June 22nd, 2009 4 comments

Anyone who’s had a new mailbox on Exchange 2007 and logged in via OWA will remember seeing a screen that asks for the language and time zone, as seen below. Once they pick those, they are then taken to their mailbox.

If all of the users in an org use the same language and are in the same time zone, we can set these settings. New users will no longer be prompted for this information, but any user can change the information by going to to Options>Regional Settings in OWA, such as shown below:

To make the change, fire up the ol’ Exchange Management Shell and type:

Set-OWAVirtualDirectory "owa (Default Web Site)" -DefaultClientLanguage <Locale ID>

Replace <Local ID> with the specific Local ID for your area. For a list of Local IDs, see Locale IDs Assigned by Microsoft. For English in the United States, the Local ID is 1033. So, for my example, I use

Set-OWAVirtualDirectory "owa (Default Web Site)" -DefaultClientLanguage 1033

Once that’s set, all new users will default to that, as well as the time zone setting on the client access server.

One Liners: Exporting Distribution List Membership to Excel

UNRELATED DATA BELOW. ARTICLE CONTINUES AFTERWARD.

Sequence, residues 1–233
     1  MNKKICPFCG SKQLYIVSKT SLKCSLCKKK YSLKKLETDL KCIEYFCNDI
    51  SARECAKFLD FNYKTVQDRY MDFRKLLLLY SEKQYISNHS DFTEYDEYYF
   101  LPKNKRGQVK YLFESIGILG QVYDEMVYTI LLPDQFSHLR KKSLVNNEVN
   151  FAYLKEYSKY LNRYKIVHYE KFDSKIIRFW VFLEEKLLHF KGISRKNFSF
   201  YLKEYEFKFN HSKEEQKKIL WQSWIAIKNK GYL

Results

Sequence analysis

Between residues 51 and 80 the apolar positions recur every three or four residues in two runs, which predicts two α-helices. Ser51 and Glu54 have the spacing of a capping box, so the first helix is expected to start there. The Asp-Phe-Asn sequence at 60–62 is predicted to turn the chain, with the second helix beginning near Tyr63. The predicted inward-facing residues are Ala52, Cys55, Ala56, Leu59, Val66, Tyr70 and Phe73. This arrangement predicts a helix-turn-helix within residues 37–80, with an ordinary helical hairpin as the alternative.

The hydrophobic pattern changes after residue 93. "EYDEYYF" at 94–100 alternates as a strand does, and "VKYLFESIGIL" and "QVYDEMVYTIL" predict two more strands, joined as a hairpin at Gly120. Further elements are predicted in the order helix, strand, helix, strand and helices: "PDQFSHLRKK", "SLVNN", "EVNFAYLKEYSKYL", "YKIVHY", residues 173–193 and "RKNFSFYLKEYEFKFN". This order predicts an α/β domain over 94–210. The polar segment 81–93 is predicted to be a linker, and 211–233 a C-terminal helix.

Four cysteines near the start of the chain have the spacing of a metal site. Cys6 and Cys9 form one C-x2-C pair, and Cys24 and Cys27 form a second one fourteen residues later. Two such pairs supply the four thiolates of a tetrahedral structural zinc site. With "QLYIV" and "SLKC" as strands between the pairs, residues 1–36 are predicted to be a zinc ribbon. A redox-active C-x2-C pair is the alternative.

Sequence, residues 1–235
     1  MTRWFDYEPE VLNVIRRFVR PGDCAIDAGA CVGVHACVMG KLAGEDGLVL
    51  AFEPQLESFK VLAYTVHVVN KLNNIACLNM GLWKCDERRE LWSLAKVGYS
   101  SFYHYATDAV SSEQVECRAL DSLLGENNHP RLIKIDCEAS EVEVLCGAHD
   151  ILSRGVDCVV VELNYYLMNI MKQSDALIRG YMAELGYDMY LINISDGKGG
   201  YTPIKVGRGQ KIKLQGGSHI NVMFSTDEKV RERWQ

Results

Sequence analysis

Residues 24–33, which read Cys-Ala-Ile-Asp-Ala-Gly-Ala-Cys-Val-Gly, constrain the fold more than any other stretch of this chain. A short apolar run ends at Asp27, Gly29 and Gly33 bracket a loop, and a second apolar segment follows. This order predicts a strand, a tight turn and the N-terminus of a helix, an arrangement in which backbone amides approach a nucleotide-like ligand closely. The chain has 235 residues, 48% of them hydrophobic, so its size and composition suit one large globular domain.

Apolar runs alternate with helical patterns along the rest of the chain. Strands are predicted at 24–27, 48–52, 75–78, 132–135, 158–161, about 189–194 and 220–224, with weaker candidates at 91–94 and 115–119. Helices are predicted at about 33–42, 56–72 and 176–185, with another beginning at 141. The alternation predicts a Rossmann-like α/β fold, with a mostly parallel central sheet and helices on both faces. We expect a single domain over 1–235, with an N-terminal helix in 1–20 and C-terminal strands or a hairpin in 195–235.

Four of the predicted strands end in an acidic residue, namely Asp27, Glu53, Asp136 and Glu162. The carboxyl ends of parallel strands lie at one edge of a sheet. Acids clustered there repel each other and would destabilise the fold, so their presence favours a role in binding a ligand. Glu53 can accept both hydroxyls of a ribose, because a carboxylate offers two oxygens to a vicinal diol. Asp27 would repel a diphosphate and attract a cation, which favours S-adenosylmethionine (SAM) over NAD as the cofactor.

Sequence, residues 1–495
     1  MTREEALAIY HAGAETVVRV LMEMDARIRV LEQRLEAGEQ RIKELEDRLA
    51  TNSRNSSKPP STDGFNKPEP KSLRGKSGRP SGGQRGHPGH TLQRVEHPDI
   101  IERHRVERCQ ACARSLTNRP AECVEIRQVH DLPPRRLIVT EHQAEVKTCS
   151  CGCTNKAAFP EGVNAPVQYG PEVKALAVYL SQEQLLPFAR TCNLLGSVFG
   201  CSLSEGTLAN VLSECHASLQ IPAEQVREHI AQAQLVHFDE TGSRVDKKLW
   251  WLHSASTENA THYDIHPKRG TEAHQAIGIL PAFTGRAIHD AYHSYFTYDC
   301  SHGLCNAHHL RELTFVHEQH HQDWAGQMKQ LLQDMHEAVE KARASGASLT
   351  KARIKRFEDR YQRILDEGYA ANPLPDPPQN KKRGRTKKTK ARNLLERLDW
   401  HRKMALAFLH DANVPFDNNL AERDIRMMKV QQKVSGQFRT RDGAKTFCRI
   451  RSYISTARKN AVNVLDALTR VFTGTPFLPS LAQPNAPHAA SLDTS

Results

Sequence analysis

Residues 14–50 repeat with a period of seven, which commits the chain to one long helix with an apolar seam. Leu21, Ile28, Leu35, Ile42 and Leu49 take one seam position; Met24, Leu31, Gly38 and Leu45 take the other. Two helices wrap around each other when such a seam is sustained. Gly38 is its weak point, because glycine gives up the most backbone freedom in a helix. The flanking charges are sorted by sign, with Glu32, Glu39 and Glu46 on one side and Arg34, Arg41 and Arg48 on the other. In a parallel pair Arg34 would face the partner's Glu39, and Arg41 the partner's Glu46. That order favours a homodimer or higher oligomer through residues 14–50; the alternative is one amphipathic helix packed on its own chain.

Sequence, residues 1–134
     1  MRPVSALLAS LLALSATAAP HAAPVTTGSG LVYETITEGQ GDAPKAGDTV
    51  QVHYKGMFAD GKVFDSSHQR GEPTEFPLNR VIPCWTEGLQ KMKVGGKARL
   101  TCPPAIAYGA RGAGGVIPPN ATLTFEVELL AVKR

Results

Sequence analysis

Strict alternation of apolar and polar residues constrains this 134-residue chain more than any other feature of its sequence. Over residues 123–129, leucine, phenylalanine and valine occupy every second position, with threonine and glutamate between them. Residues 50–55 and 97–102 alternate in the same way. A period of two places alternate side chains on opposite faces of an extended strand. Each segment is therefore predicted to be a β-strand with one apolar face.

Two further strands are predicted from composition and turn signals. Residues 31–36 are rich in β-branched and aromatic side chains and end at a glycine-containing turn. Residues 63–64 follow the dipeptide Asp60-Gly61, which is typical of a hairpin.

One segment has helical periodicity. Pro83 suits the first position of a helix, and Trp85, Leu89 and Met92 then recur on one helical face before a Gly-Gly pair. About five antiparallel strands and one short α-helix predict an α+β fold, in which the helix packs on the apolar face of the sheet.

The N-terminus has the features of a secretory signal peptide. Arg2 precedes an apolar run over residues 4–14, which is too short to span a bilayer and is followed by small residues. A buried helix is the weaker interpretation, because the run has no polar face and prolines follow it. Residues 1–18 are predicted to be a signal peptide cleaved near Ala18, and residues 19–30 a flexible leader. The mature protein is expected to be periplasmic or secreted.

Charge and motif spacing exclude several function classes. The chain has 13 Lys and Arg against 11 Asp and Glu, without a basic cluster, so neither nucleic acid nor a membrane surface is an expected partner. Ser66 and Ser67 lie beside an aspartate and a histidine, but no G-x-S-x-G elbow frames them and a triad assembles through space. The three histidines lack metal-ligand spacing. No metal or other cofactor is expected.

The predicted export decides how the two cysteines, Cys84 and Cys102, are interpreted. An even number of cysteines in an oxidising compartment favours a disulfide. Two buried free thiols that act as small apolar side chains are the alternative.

July 3rd, 2008 20 comments

Exchange 2013 logo 128x128At least three times in the past couple of weeks, I’ve been asked how to dump the members of a DL to Excel for reporting.

Fortunately, it’s a very simple task using two PowerShell cmdlets, Get-DistributionGroupMember and Export-Csv.

Remember than in PowerShell, we can pipe the results of one command as input into another. So first, we get the membership of a list, then we send it to the CSV file for Excel. What we wind up with is:

Get-DistributionGroupMember -Identity "testdl" | Export-Csv -Path "C:\MyFile.Csv"

Where testdl is our distribution group, and myfile.csv is the resulting CSV file.

We can clean that up a little by using the -NoTypeInformation switch during the export-csv cmdlet so that we don’t get the top line of type information.

Get-DistributionGroupMember -Identity "testdl" | Export-Csv -Path "C:\MyFile.Csv" -NoTypeInformation

That gives us a nice clean CSV file that we can then further manipulate as needed in Excel.

If you’d like to learn a lot more about PowerShell and Exchange 2007, check out Professional Windows PowerShell for Exchange Server 2007 SP1 from Wrox. It’s a great reference book.